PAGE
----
What is needed, and what the agency has avoided since the AMD policy adoption, is a renewed emphasis both in oversight of approved state and tribal programs and implementation of federal programs, on proper collection and analysis of sufficient information on the chemistry and composition of each strata of overburden material proposed to be removed or disturbed and on the coal seam itself to allow for realistic predictive analysis of the impact of the mining operation, realistic bonds posted at full reclamation cost based on maximum disturbance with a margin of safety, rather than mythical costs; enhanced water quality monitoring and compliance sampling, and immediate intervention to require revision to reclamation plans and augmentation of financial responsibility in the event of "unanticipated" AMD generation.

The agency failed in 1996 and continues to fail to focus its efforts on the area where most significant gains can be made in addressing AMD – prevention through proper permit review.

As KRC commented in a letter to then-Director Uram dated August 19, 1996

OSM's focus in developing a policy regarding acid mine drainage (AMD) has been unduly preoccupied with the treatment of acid mine drainage (AMD) rather than placing appropriate emphasis on the significant responsibilities of the state or federal program managers to prevent AMD through appropriate geologic and hydrologic investigation prior to permit issuance.

The Act demands minimization of impacts to water quality and the hydrologic balance on and off the minesite, yet the ANPR, like the AMD Policy before it, ignores the need to enhance permit review and instead focuses on the management of the problem after-the-fact to prevent “material” off-site damage, seemingly resigning itself and the residents of the coalfields to the inevitability of on-site damage and of unanticipated risks.

The proper planning of a surface coal mining operation to avoid acid and toxic material exposure to the elements so as to form AMD is not rocket science. The agency must, in order to credibly address this problem, begin at the permitting stage in order to require the operator to perform a higher degree of physical and chemical assessment of site-specific geologic data, speciated by strata, and a more rigorous inquiry of the acid and toxic-forming potential of the strata.

OSM acknoweldged in the response to public comments on the 1996 Draft AMD Policy, that no permit should be issued where creation of AMD was likely.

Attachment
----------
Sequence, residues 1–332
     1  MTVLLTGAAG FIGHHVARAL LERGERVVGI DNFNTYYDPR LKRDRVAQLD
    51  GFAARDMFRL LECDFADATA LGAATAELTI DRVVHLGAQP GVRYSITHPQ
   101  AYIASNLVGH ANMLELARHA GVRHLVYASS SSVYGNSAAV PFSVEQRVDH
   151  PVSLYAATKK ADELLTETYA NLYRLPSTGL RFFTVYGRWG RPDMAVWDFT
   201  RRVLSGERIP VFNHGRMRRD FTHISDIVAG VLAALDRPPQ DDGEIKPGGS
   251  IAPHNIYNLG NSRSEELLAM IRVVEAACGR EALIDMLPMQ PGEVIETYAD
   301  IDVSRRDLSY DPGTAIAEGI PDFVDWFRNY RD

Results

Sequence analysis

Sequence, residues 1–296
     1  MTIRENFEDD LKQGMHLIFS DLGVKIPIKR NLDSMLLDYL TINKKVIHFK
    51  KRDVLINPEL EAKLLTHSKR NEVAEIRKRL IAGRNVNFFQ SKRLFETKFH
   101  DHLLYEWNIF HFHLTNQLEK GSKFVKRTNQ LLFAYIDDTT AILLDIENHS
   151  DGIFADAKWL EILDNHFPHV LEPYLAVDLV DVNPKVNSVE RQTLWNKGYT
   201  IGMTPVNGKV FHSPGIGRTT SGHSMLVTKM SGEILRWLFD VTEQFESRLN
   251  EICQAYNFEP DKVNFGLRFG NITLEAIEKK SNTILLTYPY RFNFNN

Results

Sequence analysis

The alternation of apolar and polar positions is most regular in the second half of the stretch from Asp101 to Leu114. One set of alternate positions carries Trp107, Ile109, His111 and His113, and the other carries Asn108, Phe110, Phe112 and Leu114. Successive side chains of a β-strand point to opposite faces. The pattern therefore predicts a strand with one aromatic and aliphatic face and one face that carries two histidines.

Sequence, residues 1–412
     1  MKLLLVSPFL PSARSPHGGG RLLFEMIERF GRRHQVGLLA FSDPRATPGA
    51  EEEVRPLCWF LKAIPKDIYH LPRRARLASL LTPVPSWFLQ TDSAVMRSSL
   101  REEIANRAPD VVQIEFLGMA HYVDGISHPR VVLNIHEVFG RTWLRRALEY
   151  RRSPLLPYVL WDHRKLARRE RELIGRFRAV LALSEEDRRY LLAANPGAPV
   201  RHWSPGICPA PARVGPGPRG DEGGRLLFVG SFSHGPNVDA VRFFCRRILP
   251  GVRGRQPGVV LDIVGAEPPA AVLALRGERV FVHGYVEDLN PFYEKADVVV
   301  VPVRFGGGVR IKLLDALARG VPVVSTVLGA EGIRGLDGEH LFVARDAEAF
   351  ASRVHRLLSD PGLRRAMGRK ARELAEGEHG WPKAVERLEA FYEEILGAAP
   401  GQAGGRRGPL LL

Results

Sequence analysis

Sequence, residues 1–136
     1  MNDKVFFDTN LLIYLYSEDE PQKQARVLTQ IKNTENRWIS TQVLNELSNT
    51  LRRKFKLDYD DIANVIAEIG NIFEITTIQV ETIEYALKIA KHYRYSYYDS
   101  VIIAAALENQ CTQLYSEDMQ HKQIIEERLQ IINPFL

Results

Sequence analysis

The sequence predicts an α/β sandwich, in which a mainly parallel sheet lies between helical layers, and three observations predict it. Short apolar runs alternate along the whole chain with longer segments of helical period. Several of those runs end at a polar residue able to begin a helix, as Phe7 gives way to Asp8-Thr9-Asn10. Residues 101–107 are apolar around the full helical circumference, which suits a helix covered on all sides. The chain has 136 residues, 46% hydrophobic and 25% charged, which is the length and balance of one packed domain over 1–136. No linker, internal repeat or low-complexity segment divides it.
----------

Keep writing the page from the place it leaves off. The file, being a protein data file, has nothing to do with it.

Properly implemented, the permitting program should result in a high degree of certainty regarding the acid or toxic-forming potential of various strata under the management approach proposed under the mining and reclamation plan. The agency focus in addressing the problem of "unanticipated" development of acid and toxic forming drainage, must be first to use existing regulatory authority to demand that state and federal program managers properly adhere to the mandates of Section 515 of SMCRA, which in no uncertain terms demand that the permit applicant demonstrate, and the regulatory authority affirmatively find (Section 510(b)), that the proposed mining and reclamation plan will “avoid[] acid or other toxic drainage[.]” The requirement to prevent off-site material damage under 30 CFR 816.41(a) must be read in the context of the other statutory obligations of the operator, which include appropriate identification of potentially acid- and toxic-forming strata before mining, proper handling of that material in order to isolate the strata from air and water necessary to cause AMD, and which demand that the Mining and Reclamation Plan demonstrate that such drainage will be avoided, not merely that “material damage” off the mine site will be avoided or “managed.”

Before focusing on the financial responsibility mechanisms for addressing pollutional discharges, the agency should focus oversight inspection, enforcement and program review on the many existing weaknesses in the permitting processes, which allow the permitting of operations whose spoil- and material-handling practices create AMD, such as:

1. The lack of appropriate analyses to demonstrate the presence or absence of acid or toxic-forming material, assuring that geologic core information is drawn in a manner and spacing sufficient to demonstrate that each strata has been tested for acid and toxic potential; (rather than allowing the blending of strata for analytical purposes, or selection of widely-spaced coring intervals for analysis);

2. The absence of appropriate and robust modeling and chemical analyses demonstrating that the material will remain isolated from water over the long-term to prevent the formation of acid drainage; and

3. The failure to assure that such material is handled in a manner that mini-

mizes adverse impacts on the mined areas, rather than merely on off-site areas.

Unless OSM intends to aggressively oversee state and federal program implementation to assure that the permitting process is properly assessing AMD potential, the success of an AMD initiative is made impossible. In recent years, OSM has moved from rigorous program oversight to a "results-oriented" approach that measures success of state program implementation by violations encountered. In this area, the failure of that approach is no where more evident, since AMD violations may first become detected long after improper handling of materials has resulted in the conditions under which AMD can form, and once detected by the regulatory agency, the only options available are to attempt to adjust upwards the financial responsibility after the fact, or to attempt for cause forfeiture of an almost-certainly inadequate bond.

KRC believes that OSM's strategy must first demand improvement in state permitting of mining operations in order to require the operator to demonstrate in more rigorous terms how the method of mining and spoil management will minimize the disturbances to the prevailing hydrologic balance applies “at the mine-site” as well as associated off-site areas. The bar was set high intentionally by Congress, and Section 515(b)(10)(A) demands that the operator “avoid[] acid or other toxic mine drainage” rather than manage it; by “preventing or removing water from contact with toxic producing deposits,” as well as other techniques to keep watercourses from being affected. Those techniques must, as the Interior Board of Land Appeals determined in the Rith Energy decision, meet the requirement of avoidance of AMD and toxic drainage; not merely manage or treat the drainage.